Love in Every Stitch: Stories of Knitting and Healingarrived at my house a week before I left on the trip to India. I brought it with me and read it while I was away. When I preordered this book, I had never heard of the author and expected lighthearted, fun stories. From the very beginning, it became clear that ‘lighthearted’ is not the best descriptor of this book. These are stories of redemption and survival, and the circumstances that challenge us are never lighthearted!
Lee Gant (website, Facebook, Ravelry) is a knitwear designer and instructor. She’s also a recovering addict. A few chapters of the book share parts of her own story and the ways that knitting helped her as she struggled to overcome her addictions. The remainder of the 29 chapters share the stories of other knitters whom Ms. Gant has met, mostly while working in various yarn shops. The chapters are divided into 9 themes — changing, overcoming, grieving, mending, giving, discovering, living, sharing, and ending — with three or four stories in each category. The knitters and crocheters in this book ply their craft through addiction, abuse, death of close family members, or illness. Each story emphasizes how knitting or crocheting helped the storyteller to survive and, eventually, thrive. We also learn more about Ms. Gant’s story, through the dialogues in various chapters.
Once I better understood the angle of this book, I was concerned that the stories would be trite or manipulative. I did not find that to be case. For the most part, Ms. Gant writes beautifully and honestly. She doesn’t try to wrap up every story with a neat bow (though there’s a couple that are) or imply that everything will be okay. Crafting is a life raft that helps each person to continue taking the next step. And the next. And the next.
My biggest annoyance with the book was that Ms. Gant awkwardly inserted her reactions and parts of her own story into the middle of other stories. The majority of the stories are written from her perspective. The stories usually start with a brief set up of how Ms. Gant met the storyteller and at some point shift into long blocks of first-person dialogue from the perspective of the storyteller. This worked for me as a way of getting into the story. However, in many of the chapters, the first-person dialogue is interrupted with Ms. Gant’s own inner or outer thoughts. At times, these transitions did not feel like a natural conversation, and pulled me out of the story of the chapter. I was also left with a sense that the book was disjointed because we are getting Ms. Gant’s life story in bits and pieces.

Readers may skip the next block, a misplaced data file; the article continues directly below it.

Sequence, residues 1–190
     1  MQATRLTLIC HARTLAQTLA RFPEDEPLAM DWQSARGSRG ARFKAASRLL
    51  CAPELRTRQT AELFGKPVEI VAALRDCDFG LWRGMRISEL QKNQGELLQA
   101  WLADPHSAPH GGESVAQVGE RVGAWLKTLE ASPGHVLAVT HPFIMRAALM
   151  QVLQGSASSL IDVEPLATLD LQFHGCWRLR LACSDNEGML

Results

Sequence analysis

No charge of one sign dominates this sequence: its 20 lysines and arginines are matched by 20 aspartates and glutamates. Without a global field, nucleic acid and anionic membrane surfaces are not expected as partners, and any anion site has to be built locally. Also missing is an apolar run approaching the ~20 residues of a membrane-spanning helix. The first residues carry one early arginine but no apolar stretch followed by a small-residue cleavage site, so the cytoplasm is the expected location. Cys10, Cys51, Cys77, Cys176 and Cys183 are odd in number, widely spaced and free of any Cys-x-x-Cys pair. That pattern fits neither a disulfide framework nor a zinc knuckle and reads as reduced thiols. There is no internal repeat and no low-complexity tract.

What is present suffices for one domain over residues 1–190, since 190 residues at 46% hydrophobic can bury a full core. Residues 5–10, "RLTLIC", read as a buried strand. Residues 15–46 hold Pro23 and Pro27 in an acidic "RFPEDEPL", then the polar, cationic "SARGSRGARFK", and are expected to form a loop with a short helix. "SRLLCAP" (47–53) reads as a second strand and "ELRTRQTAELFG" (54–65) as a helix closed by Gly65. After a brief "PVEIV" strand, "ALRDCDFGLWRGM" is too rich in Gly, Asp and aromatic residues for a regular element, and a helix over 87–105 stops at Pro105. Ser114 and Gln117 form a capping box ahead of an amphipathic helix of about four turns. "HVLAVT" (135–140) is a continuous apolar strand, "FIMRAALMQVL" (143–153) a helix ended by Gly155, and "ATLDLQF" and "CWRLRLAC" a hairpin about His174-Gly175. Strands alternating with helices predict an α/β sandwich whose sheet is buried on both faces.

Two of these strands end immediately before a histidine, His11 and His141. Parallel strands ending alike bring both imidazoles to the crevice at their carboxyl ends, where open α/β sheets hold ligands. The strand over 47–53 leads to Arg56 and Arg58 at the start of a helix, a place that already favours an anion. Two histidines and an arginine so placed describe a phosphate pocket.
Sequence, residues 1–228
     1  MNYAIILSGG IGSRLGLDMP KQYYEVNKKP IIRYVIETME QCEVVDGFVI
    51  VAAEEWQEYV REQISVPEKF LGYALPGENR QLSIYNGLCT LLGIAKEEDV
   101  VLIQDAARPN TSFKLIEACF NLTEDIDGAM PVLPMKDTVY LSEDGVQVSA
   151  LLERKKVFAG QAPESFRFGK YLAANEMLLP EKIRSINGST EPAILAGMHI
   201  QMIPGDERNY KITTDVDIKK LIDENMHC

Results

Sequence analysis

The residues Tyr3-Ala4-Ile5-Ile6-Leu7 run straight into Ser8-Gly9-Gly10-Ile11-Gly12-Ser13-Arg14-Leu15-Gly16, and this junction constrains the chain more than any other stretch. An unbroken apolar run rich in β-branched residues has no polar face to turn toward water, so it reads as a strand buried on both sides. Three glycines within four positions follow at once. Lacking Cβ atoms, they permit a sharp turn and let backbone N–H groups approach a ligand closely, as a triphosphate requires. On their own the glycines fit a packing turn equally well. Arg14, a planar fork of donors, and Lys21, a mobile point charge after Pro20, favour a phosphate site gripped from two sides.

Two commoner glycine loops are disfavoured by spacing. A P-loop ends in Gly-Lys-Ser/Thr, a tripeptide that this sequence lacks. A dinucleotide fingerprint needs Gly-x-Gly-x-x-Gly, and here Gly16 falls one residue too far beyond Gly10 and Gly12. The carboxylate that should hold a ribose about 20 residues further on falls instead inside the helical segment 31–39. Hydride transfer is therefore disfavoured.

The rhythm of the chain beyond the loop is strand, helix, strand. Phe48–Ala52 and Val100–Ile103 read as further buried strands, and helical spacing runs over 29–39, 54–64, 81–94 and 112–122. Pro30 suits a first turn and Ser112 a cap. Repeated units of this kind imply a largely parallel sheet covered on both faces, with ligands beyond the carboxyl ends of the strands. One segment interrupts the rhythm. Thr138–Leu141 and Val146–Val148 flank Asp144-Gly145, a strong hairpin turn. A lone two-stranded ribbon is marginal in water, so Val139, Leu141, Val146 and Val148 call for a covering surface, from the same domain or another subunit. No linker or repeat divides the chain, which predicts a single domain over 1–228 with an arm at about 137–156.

Despite these problems, I loved the book. From the first sentence (“I spent many troubled years standing in front of the mirror with my face pressed close to the glass, peering into each pull, trying to see all the way into myself.”), I was drawn into the book and did not want to put it down. Part of the reason I was so drawn in is because I could write a story suitable for inclusion in the book — knitting kept me grounded through the deaths of 14 family members in 19 months, and the radical rearrangement of my life as a result of that time. While I may not have faced the same challenges as the storytellers in this book, I understand how the repetitive, meditative, and social aspects of knitting can carry you through them. I was inspired by the reminder, and by the fortitude of each storyteller.